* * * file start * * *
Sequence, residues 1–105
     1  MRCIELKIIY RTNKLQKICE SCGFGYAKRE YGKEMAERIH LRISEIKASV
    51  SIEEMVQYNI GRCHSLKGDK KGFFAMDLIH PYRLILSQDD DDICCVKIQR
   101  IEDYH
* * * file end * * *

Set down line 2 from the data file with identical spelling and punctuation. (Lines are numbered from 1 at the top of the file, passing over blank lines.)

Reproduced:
     1  MRCIELKIIY RTNKLQKICE SCGFGYAKRE YGKEMAERIH LRISEIKASV